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Affie seriously said, “What doth it profit a man if he gain the whole world and lose his own soul ?”

Mr. R. frankly replied, “I admire the frankness with which you defend your religion; but I do not see as I shall be any more exposed to lose my own soul there, than in any other employment, and I think upon the whole, I shall have more time to solve your problem, than I should have if I worked at my trade."

“ You will there no doubt encounter more formidable temptations than you would if you followed your former occupation ; you will be constantly in the society of those that are habitually drinkers."

The color mounted to the young man's cheek, and with unusual firmness he said, “I see that you are fearful that I shall become intemperate, but I am able to keep myself.”

Affie timidly said, “No man is his own keeper, and let him that thinks he standeth take heed lest he fall. James, I shall


you may be kept from the fowler's snare.”

Affie was astonished at her own decision, for a few months before she would not for the world have opposed her young

friend. But now she was not afraid to defend that truth wherewith Christ had made her free. She appreciated the pearl of great price which she had earnestly sought and obtained she desired others to drink from the well of salvation which was in her soul-a well of water springing up into everlasting life.

The purple morn broke in the distant east, and the night vigils of the faithful watchers were now over; and they returned home conscious that they had been mutually benefited.

In the afternoon the funeral ser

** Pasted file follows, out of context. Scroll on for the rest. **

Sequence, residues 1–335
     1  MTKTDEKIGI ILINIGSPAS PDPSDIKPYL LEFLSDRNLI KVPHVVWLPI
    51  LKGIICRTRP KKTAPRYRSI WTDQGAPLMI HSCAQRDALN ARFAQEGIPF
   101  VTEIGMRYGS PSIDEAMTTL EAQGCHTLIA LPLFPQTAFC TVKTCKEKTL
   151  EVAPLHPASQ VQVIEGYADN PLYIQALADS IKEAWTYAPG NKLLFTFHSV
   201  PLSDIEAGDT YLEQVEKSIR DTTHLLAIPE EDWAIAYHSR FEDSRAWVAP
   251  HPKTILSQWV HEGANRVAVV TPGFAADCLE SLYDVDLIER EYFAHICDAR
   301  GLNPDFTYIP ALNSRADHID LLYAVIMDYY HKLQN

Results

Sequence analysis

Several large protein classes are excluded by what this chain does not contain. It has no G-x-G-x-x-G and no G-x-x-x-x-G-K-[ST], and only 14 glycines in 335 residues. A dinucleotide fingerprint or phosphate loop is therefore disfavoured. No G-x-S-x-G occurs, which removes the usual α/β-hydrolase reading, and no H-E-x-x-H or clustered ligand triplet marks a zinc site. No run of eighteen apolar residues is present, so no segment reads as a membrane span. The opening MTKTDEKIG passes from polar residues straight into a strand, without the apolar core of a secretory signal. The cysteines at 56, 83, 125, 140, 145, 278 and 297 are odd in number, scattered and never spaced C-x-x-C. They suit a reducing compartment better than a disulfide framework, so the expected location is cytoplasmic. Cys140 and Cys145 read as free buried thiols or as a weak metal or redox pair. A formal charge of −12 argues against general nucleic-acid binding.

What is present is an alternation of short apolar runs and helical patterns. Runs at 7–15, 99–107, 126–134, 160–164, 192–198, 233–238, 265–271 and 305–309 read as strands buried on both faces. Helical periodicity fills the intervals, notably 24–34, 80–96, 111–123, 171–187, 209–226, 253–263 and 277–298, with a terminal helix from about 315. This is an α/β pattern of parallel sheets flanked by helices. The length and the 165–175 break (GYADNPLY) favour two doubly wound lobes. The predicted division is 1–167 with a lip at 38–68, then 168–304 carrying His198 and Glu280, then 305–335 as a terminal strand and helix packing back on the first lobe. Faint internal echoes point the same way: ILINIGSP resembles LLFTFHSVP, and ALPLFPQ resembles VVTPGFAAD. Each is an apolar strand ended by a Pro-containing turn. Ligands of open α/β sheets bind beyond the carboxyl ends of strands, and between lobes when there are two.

vices were conducted by the Rev. Mr. Bradley, who selected these words from Mark v. 39-"She is not dead, but sleepeth." His remarks upon the death and resurrection of the body, and the reunion of the soul with the body in the morning of the resurrection, were calculated in the highest degree to afford consolation to the lacerated hearts of the afflicted mourners.

Their dead was now buried out of their sight; and they returned accompanied by several of their friends, among whom was Colonel Bertram, who had been a faithful friend of Lieutenant Morse. His parents were among the early settlers of Roselle. They were a wealthy family. Colonel Bertram had for many years resided south, where he married a lady of fortune. His objections to "slavery,” even at this early period, induced him

to return to his favorite Roselle. Mrs. Bertram was a native of New England, and rejoiced with her husband to be again fanned by the mountain breeze, and to drink from the pure waters that make glad the heart of the wanderer. She readily connected herself with the little church, and adorned the doctrines of her profession, as we shall see, by a well ordered life and godly conversation. Her husband was a man of the world, possessing many virtues as a husband, a gentleman, and friend. Being a military man, Lieutenant Morse and himself were kindred spirits.

He had purchased a beautiful location near his friend on the opposite side of the river, where he had erected a superb mansion, in which he had displayed much taste, not only in its architecture, but in the embellishments of its ample fore-grounds. He

had selected a choice collection of shrubbery congenial with that climate.

Mrs. Morse, in her lonely hours, was glad of such a friend as Mrs. Bertram. They engaged not in the idle gossip of the neighborhood; they read and conversed together upon those subjects which were calculated to elevate the mind and enrich the soul. The influence and responsibility of parents, especially mothers, was often the subject of their conversation. Mrs. B. had but one son, whose name we shall call Walter. He was at this time but two years old, but the reader will do well to bear him in mind.

In one of Mrs. Morse's interviews with her friend, she informed her that she had just returned from Capt. De Van's. She remarked that Mrs. D. was failing. Mrs. B. assured her friend that if she had known of her illness,

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